Question marks abound on the other side of the ball, however. The Bearcats allowed over seven runs per game in 2023 and return less than 50 percent of innings pitched. Cincinnati will need to build a functional staff with a blend of newcomers and pitchers that’ll have to take a step forward. The weekend rotation figures to be Tommy Boba (2-1, 6.27), Kentucky transfer Seth Logue (0-0, 6.00) and Chase Horst (3-4, 4.99), while Chippewas’ transfers Ryan Insco (24 app, 4.22) and Michael Conte (3-1, 7.04) factor in the bullpen mix. The biggest question will be if Bischel and new pitching coach Josh Reynolds can develop a staff that can contain some of the conference’s potent lineups.

13. BYU (24-28, 13-14 WCC)

An injury-plagued 2023 campaign saw BYU’s swan song in the West Coast Conference end with a seventh-place finish and a sub-.500 record. The Cougars were top 60 in scoring, but a 7.47 staff ERA (254th nationally) sunk their chances. The biggest questions hanging over BYU are whether it can find enough improvement on the mound with a core group of returnees to handle its new surroundings in the Big 12—and if it can maintain those offensive heights after several key departures.

Bryce Robison (7-3, 6.64 ERA) returns to headline the weekend rotation alongside a pair of brothers: Ben Hansen (0-5, 6.71) and former Vanderbilt transfer Brett Hansen. The younger, Ben, had an up-and-down freshman campaign, while Brett returns from missionary work—making the rotation a bit unknown. There are several interesting pitchers after those three, though, most notably the team’s top reliever a year ago in Boston Mabeus (23 app, 3.25). Mabeus piled up a gaudy 49 strikeouts in just under 28 innings pitched and will be counted on out of the ‘pen with junior college transfer Stone Cushing, Cutter Clawson (19 app, 7.02) and Mason Olson (81.1 IP, 5.53).

2024 Top 100 Prospects

See the full Top 100 entering the 2024 season headlined by Orioles SS Jackson Holliday.

Top 20 2024 Draft Prospects:

1. JJ Wetherholt, 2B, West Virginia
2. Anthony Silva, SS, Texas Christian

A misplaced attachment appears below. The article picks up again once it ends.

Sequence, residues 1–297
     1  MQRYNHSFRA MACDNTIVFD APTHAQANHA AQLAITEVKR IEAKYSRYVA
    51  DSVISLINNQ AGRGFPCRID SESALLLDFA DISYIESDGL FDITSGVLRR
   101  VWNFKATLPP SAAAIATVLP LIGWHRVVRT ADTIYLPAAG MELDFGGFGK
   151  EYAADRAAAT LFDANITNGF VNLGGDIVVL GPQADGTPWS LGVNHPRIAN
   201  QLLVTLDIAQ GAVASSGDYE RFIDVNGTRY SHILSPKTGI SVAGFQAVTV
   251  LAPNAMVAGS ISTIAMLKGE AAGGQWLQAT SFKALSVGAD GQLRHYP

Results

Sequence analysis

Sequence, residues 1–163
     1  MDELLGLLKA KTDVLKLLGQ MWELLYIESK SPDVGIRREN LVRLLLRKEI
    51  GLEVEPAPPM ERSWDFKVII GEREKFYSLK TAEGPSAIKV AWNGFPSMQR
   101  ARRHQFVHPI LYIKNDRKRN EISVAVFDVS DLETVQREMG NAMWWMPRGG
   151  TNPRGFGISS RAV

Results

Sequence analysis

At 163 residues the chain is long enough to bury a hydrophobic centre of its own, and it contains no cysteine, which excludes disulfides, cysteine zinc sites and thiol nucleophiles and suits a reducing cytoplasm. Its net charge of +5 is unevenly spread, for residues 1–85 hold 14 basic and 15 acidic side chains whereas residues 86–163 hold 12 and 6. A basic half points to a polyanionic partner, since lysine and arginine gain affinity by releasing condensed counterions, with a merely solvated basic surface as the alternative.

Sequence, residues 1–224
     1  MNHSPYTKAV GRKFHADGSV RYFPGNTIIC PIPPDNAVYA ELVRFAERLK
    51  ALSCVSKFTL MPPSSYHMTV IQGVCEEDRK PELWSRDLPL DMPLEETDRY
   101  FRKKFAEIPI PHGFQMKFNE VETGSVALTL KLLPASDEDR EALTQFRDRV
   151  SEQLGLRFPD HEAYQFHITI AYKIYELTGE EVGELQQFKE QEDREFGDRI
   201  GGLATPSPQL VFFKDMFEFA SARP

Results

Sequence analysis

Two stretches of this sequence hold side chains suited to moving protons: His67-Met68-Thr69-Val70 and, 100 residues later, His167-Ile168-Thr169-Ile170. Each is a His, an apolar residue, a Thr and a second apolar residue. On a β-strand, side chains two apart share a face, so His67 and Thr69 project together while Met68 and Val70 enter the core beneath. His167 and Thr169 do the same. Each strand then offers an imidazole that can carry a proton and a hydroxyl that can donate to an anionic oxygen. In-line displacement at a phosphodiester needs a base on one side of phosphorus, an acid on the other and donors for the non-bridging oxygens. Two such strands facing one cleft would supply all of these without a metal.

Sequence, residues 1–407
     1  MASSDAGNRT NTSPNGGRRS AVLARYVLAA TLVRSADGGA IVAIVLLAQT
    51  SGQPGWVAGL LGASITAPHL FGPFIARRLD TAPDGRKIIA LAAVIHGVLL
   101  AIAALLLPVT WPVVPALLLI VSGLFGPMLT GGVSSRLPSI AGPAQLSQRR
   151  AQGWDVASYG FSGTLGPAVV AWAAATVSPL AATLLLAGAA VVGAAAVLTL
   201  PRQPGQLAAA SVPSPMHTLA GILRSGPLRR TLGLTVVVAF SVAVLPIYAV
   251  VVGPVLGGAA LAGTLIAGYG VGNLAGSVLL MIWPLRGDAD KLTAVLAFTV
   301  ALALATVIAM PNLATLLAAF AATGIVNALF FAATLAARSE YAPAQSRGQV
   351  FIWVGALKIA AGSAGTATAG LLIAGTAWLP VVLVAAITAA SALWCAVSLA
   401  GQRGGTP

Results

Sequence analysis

3. Kaelen Culpepper, SS/3B, Kansas State
4. Kevin Bazzell, C/3B, Texas Tech
5. Carson Benge, OF, Oklahoma State
6. Kyle Robinson, RHP, Texas Tech
7. Tyson Neighbors, RHP, Kansas State
8. Janzen Keisel, RHP, Oklahoma State
9. Jared Thomas, OF, Texas
10.  Payton Tolle, 1B/RHP, Texas Christian
11.  Lebarron Johnson Jr., RHP, Texas
12.  Tanner Witt, RHP, Texas
13.  Ethan Lanthier, RHP, Kansas
14.  Gavin Kash, 1B, Texas Tech
15.  John Spikerman, OF, Oklahoma
16.  Kodey Shojinaga, 2B, Kansas
17.  Jalin Flores, 3B, Texas
18.  Carter Frederick, OF, Oklahoma
19.  Brady Day, 2B, Kansas State
20.  Braden Davis, LHP, Oklahoma

Top 10 2025 Draft Prospects:

1. Nolan Schubart, OF, Oklahoma State
2. Ben Abeldt, LHP, Texas Christian
3. Karson Bowen, C, Texas Christian
4. Gage Harrelson, OF, Texas Tech
5. Kyson Witherspoon, RHP, Oklahoma
6. Gabe Davis, RHP, Oklahoma State
7. Kole Klecker, RHP, Texas Christian
8. Logan Sauve, C, West Virginia
9. Easton Carmichael, C, Oklahoma
10.  Tommy Farmer, OF, Texas

Top 10 Newcomers

1. Payton Tolle, LHP/1B, TCU
2. Carter Frederick, OF, Oklahoma
3. Will Gasparino, OF, Texas
4. Tommy Farmer, OF, Texas
5. Chuck Ingram, OF, Kansas State
6. Josh Kross, 1B, Cincinnati
7. Brian Holliday, RHP, Oklahoma State
8. Enzo Apodaca, OF, Baylor
9. Grant Adler, RHP, Kansas
10. TJ Pompey, SS, Texas Tech

Best Tools

Best Pure Hitter: JJ Wetherholt, West Virginia
Best Raw Power: Gavin Kash, Texas Tech
Best Strike-Zone Discipline: Bryce Madron, Oklahoma
Best Athlete: Carson Benge, Oklahoma State
Fastest Runner: John Spikerman, Oklahoma
Best Baserunner: JJ Wetherholt, West Virginia
Best Defensive Catcher: Jake English, Kansas
Best Defensive Infielder: Anthony Silva, TCU
Infield Best Arm: Kaelen Culpepper, Kansas State
Best Defensive OF: Carson Benge, Oklahoma State
Outfield Best Arm: Porter Brown, Texas
Best Fastball: Tyson Neighbors, Kansas State
Best Breaking Ball: Tyson Neighbors, Kansas State
Best Changeup: Lebarron Johnson Jr., Texas
Best Control: Kole Klecker, TCU